droid
25-05-2010, 05:02 PM
The former, basically. The idea that you should have an education 'marketplace' where parents can 'choose' the best school for their kids (if they're lucky, otherwise they get stuck with a shit one, but so long as you use the word 'choose' often enough people forget that you can't all choose the same thing at the same time), the schools that everyone likes get more money and expand, and the ones that noone like get less money and get run into the ground, wasting a load of resources and permenantly fucking up the lives of any kids unfortunate enough to still be stuck at them.


Sorry to go a bit OT, but the 'choice' meme is an interesting one that's come up a lot lately in support of privatised institutions or attempts to change private to public or vice versa. It was the main right wing buzzword during the health reform debate in the US... Provide free healthcare or insurance and you take away the 'choice' people have to choose the 'best care available', despite the fact that only a small minority can make that 'choice' to begin with.

Its all nonsense really. Monstrously inefficient nonsense at that.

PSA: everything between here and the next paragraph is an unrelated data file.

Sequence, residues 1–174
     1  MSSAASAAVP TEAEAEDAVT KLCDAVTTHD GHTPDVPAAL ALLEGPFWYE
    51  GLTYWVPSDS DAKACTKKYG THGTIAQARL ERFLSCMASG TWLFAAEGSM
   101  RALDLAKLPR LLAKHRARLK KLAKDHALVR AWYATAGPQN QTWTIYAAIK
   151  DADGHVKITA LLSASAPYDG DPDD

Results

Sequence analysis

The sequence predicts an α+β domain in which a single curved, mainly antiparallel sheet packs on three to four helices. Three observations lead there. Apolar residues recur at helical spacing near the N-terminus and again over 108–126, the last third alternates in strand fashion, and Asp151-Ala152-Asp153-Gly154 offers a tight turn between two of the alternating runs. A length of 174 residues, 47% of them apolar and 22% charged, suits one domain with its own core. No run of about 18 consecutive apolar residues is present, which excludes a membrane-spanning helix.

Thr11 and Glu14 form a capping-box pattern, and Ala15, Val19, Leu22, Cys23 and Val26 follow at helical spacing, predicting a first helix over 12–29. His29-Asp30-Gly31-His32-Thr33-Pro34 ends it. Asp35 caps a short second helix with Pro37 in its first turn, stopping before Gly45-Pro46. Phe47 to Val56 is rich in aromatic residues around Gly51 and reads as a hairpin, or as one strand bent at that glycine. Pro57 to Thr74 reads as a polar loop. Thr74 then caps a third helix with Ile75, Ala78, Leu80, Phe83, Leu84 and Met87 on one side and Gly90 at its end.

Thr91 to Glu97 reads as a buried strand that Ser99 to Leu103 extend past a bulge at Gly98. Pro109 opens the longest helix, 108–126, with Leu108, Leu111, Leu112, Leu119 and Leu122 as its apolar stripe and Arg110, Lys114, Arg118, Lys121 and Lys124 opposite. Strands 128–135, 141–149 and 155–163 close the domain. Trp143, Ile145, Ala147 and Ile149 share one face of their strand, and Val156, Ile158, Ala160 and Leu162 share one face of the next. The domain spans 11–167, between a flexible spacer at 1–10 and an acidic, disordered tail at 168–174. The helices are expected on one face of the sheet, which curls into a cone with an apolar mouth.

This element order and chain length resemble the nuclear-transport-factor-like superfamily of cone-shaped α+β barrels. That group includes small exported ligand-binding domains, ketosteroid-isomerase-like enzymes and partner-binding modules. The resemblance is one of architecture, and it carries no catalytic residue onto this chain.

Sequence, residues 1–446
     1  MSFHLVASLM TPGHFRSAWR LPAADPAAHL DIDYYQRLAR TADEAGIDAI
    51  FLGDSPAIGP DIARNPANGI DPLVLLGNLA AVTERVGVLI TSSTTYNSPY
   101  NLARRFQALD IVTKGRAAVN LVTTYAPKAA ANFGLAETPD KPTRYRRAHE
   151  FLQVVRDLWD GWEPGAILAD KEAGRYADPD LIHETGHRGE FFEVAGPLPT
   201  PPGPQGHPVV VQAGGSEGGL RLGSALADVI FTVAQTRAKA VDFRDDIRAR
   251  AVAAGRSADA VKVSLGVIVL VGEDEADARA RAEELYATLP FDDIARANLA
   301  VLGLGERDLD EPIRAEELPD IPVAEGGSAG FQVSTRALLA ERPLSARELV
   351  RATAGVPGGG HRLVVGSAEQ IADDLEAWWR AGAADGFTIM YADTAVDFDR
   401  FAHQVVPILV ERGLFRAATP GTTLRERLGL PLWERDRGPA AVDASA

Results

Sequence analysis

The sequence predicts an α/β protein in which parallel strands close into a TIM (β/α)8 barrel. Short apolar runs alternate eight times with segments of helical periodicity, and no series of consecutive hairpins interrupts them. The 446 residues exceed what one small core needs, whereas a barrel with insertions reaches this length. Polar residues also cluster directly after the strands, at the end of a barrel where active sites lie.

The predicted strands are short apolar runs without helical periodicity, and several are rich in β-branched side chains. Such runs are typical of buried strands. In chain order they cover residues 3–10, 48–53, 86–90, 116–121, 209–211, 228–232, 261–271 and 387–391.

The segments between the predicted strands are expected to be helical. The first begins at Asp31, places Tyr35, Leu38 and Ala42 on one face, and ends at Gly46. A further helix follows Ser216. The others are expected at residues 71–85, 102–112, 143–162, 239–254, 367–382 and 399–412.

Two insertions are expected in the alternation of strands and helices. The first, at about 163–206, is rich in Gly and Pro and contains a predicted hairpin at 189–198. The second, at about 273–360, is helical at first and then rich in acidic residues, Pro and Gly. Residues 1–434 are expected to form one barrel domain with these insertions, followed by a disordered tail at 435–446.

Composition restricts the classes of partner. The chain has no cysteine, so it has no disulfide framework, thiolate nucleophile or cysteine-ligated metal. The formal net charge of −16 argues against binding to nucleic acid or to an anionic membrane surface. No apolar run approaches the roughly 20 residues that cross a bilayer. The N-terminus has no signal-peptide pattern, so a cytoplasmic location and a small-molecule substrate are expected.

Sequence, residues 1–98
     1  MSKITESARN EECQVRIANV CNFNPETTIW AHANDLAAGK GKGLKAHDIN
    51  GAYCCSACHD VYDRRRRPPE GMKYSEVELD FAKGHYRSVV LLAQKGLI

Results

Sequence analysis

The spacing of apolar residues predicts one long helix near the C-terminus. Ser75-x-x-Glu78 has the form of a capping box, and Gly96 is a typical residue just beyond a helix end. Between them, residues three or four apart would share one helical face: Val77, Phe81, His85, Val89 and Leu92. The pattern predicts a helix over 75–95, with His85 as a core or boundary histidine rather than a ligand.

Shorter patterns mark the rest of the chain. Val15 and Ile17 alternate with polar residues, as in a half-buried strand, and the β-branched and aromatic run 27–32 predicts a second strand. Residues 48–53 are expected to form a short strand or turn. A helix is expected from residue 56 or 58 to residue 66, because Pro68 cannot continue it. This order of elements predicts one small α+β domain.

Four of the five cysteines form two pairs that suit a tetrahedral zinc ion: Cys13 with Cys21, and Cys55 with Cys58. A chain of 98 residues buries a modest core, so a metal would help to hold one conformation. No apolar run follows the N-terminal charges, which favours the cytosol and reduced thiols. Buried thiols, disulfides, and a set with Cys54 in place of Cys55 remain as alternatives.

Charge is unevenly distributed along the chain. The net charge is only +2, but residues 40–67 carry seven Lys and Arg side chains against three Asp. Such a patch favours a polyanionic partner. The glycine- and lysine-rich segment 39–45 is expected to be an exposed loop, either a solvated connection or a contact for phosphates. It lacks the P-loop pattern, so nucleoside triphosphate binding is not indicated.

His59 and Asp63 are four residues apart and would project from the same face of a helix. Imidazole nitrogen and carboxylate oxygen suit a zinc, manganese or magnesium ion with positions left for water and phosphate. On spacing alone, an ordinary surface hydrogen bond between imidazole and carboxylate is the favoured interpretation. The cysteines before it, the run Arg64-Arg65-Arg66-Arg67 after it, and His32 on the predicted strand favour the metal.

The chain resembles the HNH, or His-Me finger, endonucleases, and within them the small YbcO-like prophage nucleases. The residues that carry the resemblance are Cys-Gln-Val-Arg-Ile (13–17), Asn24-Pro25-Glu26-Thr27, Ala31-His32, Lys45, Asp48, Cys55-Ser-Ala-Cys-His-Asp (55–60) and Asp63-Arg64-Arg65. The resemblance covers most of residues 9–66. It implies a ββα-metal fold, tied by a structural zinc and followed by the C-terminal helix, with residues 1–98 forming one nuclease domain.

Mr. Tea
25-05-2010, 05:22 PM
But currently, if you have an area where there are N prospective pupils then the government will provide N places in local schools, and ought to be trying to make sure that they're all of a decent standard. Under a 'competitive' system, you'll have a load of schools attempting to provide places for the pupils, presumably with a total potential capacity greater than N, and the ones that are good will fill up their capacity and make PROFIT (under the swedish system) while the ones that aren't won't and will make a loss, compromise the kids education via their money saving measures, and presumably eventually go under.

But what happens then - to the kids who were attending the now-closed schools, I mean? Would they end up also going to the 'good' schools which, as you say, would have to provide over-capacity anyway? You can't just have hundreds of thousands of kids with no school to go to.